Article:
Teck Profitable, Liquid, And Maybe Too Cheap

By Stephen D. Simpson, CFA | June 25, 2013 AAA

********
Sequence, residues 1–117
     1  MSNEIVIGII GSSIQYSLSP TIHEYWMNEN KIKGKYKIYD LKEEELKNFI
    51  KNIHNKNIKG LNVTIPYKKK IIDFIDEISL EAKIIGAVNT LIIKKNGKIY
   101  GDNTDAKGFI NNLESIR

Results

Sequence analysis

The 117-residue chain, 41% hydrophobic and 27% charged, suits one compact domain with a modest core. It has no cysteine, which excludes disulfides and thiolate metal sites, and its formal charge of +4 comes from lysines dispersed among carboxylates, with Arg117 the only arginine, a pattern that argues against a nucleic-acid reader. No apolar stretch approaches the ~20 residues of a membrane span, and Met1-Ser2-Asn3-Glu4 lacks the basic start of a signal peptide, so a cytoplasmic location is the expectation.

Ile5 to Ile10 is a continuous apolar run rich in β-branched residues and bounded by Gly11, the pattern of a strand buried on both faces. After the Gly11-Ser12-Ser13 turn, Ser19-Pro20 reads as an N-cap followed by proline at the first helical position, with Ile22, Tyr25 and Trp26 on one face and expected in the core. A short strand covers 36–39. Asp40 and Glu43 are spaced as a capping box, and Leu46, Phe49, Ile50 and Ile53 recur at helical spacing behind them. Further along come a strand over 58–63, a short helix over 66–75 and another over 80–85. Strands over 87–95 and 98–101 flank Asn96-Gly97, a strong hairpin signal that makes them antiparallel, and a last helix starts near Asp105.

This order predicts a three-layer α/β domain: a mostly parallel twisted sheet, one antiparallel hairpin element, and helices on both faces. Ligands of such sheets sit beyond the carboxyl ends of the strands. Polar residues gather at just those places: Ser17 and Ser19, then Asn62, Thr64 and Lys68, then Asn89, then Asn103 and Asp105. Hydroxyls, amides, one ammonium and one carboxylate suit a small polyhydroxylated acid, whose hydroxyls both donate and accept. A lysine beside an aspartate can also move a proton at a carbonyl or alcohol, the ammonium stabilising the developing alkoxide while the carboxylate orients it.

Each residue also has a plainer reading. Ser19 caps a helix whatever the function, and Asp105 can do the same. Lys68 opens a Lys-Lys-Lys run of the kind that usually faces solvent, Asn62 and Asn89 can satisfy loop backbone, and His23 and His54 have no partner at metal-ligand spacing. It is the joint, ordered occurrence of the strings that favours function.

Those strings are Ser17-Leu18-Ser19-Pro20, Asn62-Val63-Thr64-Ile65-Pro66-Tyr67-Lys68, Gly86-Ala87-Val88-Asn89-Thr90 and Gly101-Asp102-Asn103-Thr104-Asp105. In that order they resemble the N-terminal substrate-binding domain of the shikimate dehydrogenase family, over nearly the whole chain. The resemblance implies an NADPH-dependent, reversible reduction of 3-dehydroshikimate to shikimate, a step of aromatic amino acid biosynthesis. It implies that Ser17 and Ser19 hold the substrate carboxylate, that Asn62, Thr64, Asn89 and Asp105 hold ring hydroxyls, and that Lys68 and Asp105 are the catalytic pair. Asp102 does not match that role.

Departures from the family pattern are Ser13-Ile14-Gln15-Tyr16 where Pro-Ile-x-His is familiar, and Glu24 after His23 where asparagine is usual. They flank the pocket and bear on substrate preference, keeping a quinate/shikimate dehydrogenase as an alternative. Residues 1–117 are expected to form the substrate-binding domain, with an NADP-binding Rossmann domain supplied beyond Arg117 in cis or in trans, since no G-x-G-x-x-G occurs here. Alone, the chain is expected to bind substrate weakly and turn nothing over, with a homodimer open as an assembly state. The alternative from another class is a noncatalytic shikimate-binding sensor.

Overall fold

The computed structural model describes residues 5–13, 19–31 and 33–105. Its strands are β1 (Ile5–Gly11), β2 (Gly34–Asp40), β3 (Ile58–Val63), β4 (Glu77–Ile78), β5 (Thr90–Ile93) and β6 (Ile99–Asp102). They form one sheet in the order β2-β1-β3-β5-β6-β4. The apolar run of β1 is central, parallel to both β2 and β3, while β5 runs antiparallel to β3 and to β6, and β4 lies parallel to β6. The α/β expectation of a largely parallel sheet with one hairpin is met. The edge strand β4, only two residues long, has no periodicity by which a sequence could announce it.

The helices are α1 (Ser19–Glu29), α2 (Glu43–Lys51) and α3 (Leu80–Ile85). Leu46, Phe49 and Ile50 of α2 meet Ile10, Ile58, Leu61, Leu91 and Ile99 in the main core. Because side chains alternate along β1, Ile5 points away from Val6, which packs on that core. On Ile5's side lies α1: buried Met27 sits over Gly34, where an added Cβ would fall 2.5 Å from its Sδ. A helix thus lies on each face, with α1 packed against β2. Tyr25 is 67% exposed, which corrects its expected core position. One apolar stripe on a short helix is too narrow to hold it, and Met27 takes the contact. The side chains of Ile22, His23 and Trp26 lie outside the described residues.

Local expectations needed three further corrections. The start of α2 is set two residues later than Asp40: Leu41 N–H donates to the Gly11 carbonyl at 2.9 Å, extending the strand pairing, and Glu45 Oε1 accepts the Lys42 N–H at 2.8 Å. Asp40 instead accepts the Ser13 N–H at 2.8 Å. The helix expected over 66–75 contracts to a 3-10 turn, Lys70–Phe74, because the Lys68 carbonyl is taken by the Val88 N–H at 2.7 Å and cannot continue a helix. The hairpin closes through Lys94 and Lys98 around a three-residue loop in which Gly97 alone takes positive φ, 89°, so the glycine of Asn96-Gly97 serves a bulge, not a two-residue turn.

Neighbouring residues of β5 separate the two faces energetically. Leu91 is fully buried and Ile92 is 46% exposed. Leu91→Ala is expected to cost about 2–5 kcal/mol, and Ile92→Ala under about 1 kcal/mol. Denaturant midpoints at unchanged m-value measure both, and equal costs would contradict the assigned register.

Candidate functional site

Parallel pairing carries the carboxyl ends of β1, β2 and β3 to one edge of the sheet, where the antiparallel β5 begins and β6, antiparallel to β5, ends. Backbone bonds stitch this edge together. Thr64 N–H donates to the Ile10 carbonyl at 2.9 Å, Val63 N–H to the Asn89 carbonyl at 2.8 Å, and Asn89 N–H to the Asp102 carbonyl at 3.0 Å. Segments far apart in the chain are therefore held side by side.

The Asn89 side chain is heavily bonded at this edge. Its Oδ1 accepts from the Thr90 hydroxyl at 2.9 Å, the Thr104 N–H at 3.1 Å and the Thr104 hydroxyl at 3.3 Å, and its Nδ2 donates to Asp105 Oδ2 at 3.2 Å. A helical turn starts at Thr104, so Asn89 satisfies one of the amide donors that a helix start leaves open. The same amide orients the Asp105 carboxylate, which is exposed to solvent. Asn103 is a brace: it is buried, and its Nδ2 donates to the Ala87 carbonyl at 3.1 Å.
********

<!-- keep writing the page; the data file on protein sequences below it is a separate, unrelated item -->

These are ugly days in the natural resources sector as the bottomless pit that was China's appetite for mined commodities apparently had a bottom after all. Most of the well-known miners have racked up double-digit losses over the past year, and companies with outsized exposure to iron ore (like Vale (Nasdaq:VALE) metallurgical coal like Teck Resources (NYSE:TCK) have suffered even worse. It may not be the worst time to think about Tech Resources, though. The combination of mines that are still profitable at spot prices, extensive production expansion potential, good liquidity, and global prices that are having miners contemplating production curtailment could make this an appealing time to consider this beaten-down miner, but investors need to prepared for conditions to get uglier before they turn around. Met Coal In The DumpsFor a company that recently got more than half of its revenue from met coal (and now gets about 40% of revenue from it because of falling prices), the terrible pricing for met coal is a big problem. Met coal prices have fallen from over $300/ton two years ago to around $200 to $220 a year ago to around $140 recently. Making matters worse, Japanese and European steel mills are pushing back hard on benchmark pricing, not wanting to get locked into a price while spot prices are still falling. SEE: A Primer On CoalWhile Teck Resources did go deeply into debt a while ago to acquire Fording and its met coal assets, the upshot is that those assets are productive and relatively low-cost. Recent cash costs have been in the vicinity of $100/ton, with an estimated life of mine cost of about $115/ton. At the same time, Teck has about 10% share of the seaborne market and higher-cost Australian producers are considering cutting/shuttering production.  Copper And Zinc In Tolerable Shape As WellWhat's true for Teck's met coal operations is broadly true for its other mining operations in copper and zinc/lead – prices have been weak, but Teck's production costs are still fairly attractive. Freeport-McMoRan (NYSE:FCX) and Teck have gotten occasional bumps on reports of lower copper inventories, but prices are nevertheless coming close to that important $3/lb level. The good news for Teck is that its recent copper cash production costs have been running around $1.64/lb (and zinc production costs of $0.18/lb are likewise below spot prices). Even though copper prices are well off of their highs, this can still be a long-term growth opportunity for Teck. The company has high-quality assets in stable regions like Canada and Chile, and Teck could double its output by 2022 at attractive costs. Well-Positioned In What The BRICs NeedThe big question for Teck is the extent to which emerging market (particularly China) demand for raw materials reaccelerates. While countries like India will likely go through a modernization phase similar to what fueled China's recent demand, it's not a near-term driver. The good news for Teck is that the BRIC countries, again especially China, are least self-sufficient in met coal and copper. Ostensibly, that should be good news for major suppliers like BHP Billiton (NYSE: BHP) (the largest exporter of met coal), Freeport, and Teck. The Bottom LineTeck looks undervalued by multiple metrics. For a stock that has historically traded at a range of about 3x to 6x forward EBITDA, today's multiple is not at all demanding and a 5x target suggests a fair value in the mid-$20s. Likewise, many investors choose to evaluate these companies by long term NAVs, and most analysts estimate Teck's NAV to be in the high $20s to low $30s. Last and not least, the stock trades at about three-quarters of its tangible book value, though skeptics can argue that the value of the company's resources is likely overstated right now given falling commodity prices. SEE: A Clear Look At EBITDAI do believe that Teck's stock will see better days, but I also see a risk that worries about economic growth in the second half of 2013 could take commodity prices even lower. But that's always the challenge with investing in commodity companies – if you want to earn significant returns, you have to buy in when it looks ugly, and things can always get uglier. 

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